Of all the commands in the Bible, one of the ones I find the most difficult is being content. Just like everyone else, I tend to want things I do not have and get unhappy when I have to patiently wait for things. Contentment can be difficult to practice because it requires so much self-control and training in thought, and it is so difficult to measure. How do we know when we’ve reached it and become fully content? The most challenging thing about contentment is not that it requires so much willpower and training, it’s that it is such a narrow idea. Contentment requires being happy with what you have, yes, but it is not the same thing as being complacent. Complacency is when you have no drive or motivation to move forward and succeed. So where is this balance between moving ahead and seeking your goals while being happy with your current situation?
The key is gratefulness in all situations. Paul has much to say about this in Philippians. In verse 4:12-13 he says, “I know how to be brought low, and I know how to abound. In any circumstance, I have learned the secret of facing plenty and hunger, abundance and need. I can do all things through Him who strengthens me.” This verse is used a lot in relation to perseverance and bravery, but it really connects with the idea of gratitude. Gratefulness is not the natural state of our souls. It is something we must learn and practice. This lesson can be learned through Christ’s example. Not only that, we can call upon the strength of the Holy Spirit to give us the strength to be grateful, because it can take a lot of strength. Being thankful isn’t simply a reaction to events, it is a resolution that can be practiced and improved upon.
“So while we practice gratitude we must also practice passion and diligence with what we have received. For if we do not invest, even if we are grateful, we are being complacent rather than content.”
Once we start putting to practice the idea of gratitude in all circumstances, we also must realize that we are called to use what the Lord has given us and invest in the future. Like the parable of the talents in Matthew 25:14-30, we are given resources and gifts that He means for us to invest in ourselves and others, not simply for us have. So while we practice gratitude we must also practice passion and diligence with what we have received. For if we do not invest, even if we are grateful, we are being complacent rather than content. Yes, investing in yourself is important! Taking care of your needs is so necessary and pleasing to the Lord. Do not drive yourself dry in investing everywhere except for yourself. As Berry students, we are really bad at taking the time to recharge and say no to things when necessary. However, there is no excuse to not get out into the world and use the gifts and resources given to you. They are meant to be invested and multiplied, not hoarded away and crumbling to nothing.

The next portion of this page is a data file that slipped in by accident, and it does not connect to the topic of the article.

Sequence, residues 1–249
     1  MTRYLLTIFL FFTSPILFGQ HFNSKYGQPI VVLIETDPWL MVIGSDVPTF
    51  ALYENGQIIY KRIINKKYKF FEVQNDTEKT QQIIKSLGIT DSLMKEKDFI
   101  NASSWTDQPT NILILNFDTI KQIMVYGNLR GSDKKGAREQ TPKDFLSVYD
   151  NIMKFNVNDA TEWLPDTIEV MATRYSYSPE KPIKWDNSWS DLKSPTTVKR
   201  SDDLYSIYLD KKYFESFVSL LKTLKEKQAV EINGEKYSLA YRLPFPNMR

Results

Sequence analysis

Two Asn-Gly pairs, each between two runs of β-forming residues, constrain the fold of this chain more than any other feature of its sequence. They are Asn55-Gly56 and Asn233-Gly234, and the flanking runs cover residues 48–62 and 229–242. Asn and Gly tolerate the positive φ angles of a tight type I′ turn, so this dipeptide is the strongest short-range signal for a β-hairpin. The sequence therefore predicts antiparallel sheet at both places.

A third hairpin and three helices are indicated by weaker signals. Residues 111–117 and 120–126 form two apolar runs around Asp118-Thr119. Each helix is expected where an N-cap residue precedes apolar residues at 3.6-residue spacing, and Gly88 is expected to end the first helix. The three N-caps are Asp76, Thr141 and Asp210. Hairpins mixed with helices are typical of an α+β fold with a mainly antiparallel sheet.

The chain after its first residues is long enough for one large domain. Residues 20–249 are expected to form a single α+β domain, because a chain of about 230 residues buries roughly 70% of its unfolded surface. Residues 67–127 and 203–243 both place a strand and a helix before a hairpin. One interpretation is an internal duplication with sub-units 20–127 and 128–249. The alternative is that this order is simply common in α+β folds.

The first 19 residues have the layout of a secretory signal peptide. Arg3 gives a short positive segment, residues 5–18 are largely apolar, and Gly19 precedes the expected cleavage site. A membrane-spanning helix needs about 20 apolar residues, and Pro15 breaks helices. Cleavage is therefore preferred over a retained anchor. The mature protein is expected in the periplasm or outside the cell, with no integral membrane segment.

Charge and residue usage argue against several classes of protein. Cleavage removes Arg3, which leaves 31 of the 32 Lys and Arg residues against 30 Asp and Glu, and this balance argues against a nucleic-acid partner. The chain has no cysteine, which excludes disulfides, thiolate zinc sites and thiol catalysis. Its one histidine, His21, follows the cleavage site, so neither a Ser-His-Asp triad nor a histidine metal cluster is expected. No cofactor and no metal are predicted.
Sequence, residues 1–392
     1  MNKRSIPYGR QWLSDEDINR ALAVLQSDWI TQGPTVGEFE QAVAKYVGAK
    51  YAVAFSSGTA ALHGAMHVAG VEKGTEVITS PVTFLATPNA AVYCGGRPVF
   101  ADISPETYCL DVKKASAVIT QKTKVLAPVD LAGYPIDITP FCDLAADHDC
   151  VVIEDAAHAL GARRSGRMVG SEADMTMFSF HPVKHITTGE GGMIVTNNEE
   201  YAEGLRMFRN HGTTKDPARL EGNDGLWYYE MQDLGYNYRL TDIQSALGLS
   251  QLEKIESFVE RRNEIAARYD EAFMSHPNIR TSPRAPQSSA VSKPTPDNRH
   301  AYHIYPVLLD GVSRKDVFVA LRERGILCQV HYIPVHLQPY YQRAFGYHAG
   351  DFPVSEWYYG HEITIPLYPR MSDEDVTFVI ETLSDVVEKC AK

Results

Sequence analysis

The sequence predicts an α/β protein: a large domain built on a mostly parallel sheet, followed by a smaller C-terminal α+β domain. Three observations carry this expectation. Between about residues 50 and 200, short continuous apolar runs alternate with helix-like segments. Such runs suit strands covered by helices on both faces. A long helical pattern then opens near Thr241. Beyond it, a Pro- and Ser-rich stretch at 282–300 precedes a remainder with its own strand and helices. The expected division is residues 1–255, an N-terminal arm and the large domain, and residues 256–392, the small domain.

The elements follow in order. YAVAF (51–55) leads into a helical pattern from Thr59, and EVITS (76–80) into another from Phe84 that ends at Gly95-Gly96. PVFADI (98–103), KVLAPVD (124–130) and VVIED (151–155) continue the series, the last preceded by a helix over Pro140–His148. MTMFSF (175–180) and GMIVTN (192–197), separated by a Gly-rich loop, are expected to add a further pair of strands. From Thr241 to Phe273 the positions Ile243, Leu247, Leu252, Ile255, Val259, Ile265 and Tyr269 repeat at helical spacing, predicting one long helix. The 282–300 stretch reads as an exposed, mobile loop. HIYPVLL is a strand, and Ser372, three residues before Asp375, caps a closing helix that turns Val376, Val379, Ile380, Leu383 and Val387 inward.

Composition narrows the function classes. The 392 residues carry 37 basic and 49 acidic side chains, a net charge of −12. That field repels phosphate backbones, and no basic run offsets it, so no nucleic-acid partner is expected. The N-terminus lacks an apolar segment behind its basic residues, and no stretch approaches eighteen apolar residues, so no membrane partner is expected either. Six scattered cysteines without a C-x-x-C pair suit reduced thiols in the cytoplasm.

This week I challenge you to first, practice gratefulness by listing things you are thankful for in your prayers. As you go about your day, on the way to class, eating lunch with friends, or studying in the library, just keep adding to that list. Keep a running monologue in your brain saying, “I am thankful for the sunrise I saw over Ford, I am thankful for the deer in front of Cook, I am thankful for the green apples in the Dining Hall, I am thankful for my classmate who let me borrow a pencil, and I am oh so thankful I found a parking spot behind Evans when it was so packed.” Your gratitude does not have to always focus on deep and important things! Practicing contentment and gratitude has to start with small steps, just like anything else. Just be honest with God and tell him exactly what you’re thankful for that day. Second, be passionate and diligent in your daily activities! Even though doing laundry or filing paperwork or counting change may not seem very glorifying to God, think of these tasks as ways to use the resources He has given you to help others and by extension, glorify His name.
Bebo Saucier is a freshman English and Secondary Education major from Chattanooga, Tennessee. She really enjoys the arts and does a lot of drawing, painting, writing poems, and singing in her free time. In high school choir, she sang tenor and considers that the peak of her success.